Makes about 36 cookies
2 3/4 C (374 g) all-purpose flour
1/2 cup (100 g) sugar
1/2 teaspoon baking powder
1/4 teaspoon fine sea salt
1/2 cup (120 ml) olive oil, extra-virgin or not, preferably fruity
1/2 teaspoon pure vanilla extract
1/2 cup (120 ml) white wine, preferably sweet (see note above)
sugar, for dredging
Dorie’s notes: Right after they’re baked, their texture is crunchy at the tips and cakey in the center—wait a day or so, and the chubby middle dries and starts to resemble a great tea biscuit. In fact, I like these best after they’ve had a little time to age and develop a crunchier texture and a more mellow flavor.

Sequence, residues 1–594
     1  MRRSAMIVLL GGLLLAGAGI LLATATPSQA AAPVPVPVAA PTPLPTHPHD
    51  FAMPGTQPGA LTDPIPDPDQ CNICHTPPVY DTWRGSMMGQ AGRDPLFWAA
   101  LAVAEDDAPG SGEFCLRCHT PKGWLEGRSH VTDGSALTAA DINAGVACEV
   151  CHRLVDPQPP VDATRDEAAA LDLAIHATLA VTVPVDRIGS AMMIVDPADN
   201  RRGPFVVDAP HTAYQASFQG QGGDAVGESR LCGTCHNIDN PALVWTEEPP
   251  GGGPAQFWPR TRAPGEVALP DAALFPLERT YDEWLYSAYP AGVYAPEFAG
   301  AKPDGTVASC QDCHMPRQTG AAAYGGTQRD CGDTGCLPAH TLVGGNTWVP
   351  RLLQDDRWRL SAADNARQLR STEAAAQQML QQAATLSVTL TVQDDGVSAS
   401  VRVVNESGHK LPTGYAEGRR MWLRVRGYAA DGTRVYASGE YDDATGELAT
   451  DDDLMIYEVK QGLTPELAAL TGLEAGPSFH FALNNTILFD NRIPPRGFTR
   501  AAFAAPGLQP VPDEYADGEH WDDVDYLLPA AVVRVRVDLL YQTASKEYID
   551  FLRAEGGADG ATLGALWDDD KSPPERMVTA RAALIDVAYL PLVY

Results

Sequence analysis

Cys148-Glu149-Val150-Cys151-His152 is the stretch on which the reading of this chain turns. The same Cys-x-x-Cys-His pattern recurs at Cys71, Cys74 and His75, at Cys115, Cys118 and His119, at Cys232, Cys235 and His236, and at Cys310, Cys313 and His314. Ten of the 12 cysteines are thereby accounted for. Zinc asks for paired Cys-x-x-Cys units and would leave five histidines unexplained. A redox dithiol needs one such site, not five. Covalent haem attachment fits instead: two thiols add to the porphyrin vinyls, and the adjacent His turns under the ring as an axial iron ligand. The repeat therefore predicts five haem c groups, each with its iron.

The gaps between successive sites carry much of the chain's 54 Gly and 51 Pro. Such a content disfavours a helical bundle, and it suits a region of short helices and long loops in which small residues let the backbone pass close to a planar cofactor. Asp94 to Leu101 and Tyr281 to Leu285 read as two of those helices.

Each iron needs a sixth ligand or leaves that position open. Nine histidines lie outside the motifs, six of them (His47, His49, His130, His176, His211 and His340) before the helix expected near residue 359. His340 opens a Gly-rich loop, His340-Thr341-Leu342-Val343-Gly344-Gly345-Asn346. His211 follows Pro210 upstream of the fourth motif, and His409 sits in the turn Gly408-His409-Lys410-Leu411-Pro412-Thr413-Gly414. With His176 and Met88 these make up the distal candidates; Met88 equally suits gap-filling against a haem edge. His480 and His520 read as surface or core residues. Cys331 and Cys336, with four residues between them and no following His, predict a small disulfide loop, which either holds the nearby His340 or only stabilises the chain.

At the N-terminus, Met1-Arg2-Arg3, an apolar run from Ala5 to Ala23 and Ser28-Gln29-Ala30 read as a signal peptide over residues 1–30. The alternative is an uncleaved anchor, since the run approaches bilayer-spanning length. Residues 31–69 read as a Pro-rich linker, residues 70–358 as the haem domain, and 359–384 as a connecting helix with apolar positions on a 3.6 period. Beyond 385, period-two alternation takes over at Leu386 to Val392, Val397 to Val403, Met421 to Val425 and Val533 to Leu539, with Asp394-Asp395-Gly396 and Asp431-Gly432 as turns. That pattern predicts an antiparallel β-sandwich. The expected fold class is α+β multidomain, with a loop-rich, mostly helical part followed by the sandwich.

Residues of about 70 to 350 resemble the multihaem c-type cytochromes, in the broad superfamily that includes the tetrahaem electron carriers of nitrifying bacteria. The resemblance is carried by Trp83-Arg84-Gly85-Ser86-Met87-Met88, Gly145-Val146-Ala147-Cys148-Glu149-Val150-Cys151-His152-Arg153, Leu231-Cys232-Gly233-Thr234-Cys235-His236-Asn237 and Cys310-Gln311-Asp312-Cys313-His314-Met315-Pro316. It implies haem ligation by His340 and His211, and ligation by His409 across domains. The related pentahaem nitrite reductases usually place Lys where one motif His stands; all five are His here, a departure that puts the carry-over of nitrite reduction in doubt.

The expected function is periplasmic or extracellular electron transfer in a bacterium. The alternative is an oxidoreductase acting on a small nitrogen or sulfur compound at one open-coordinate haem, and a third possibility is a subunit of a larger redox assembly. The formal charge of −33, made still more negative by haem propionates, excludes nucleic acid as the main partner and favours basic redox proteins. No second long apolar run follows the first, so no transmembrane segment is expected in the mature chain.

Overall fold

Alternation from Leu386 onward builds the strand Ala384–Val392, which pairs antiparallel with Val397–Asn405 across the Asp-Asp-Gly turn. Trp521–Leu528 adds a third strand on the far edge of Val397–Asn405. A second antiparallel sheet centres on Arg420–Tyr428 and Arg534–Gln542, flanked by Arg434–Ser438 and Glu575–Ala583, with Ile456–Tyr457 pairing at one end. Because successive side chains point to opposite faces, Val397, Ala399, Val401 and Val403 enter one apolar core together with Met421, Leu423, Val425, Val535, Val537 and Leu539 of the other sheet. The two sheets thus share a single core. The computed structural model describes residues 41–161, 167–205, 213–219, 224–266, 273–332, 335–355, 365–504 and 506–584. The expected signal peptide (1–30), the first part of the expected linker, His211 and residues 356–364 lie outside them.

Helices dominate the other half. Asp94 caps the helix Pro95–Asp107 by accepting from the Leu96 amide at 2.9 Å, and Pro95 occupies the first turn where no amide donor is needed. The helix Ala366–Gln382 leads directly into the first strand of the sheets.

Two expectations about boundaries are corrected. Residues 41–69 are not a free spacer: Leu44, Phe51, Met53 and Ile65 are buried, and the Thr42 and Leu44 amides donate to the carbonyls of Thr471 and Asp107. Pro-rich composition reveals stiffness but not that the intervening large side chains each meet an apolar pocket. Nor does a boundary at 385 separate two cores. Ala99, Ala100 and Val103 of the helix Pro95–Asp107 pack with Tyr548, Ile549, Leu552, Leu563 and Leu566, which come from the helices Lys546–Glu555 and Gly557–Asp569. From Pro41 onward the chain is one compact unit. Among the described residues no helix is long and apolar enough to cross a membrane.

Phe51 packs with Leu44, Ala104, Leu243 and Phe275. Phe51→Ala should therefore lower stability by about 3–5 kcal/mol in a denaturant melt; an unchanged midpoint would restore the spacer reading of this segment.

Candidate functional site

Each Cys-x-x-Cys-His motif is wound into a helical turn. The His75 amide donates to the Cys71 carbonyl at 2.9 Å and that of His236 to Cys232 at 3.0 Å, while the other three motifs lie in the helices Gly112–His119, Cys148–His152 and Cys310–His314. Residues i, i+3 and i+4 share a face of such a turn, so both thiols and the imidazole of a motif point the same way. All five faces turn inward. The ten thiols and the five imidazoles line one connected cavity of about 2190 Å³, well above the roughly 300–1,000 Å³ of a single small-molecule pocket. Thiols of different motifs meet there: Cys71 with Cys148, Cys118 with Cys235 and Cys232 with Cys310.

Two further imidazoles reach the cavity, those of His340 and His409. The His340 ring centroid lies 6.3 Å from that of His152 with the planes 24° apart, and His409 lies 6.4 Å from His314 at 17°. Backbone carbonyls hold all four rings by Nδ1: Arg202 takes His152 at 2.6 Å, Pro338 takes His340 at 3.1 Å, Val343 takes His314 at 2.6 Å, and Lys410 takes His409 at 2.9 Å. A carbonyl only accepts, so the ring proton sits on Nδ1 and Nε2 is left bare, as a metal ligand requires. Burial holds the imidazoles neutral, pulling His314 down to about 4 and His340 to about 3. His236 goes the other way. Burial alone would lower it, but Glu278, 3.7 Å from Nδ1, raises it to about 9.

You can use any white wine or even any rosé you have on hand, but if you use a sweet or off-dry wine, you’ll come closer to the original cookies, which are made with Muscat de Rivesaltes, a Roussillon star. In the Languedoc-Roussillon, these cookies are often flavored with orange-flower water (instead of vanilla) or enriched with anise seeds. My favorite addition is grated orange (or tangerine or clementine) zest. To get the most out of the zest, first put the sugar in the mixing bowl, sprinkle over the zest, and use your fingers to rub the sugar and zest together until the sugar is moist and aromatic. Add the rest of the dry ingredients and continue with the recipe.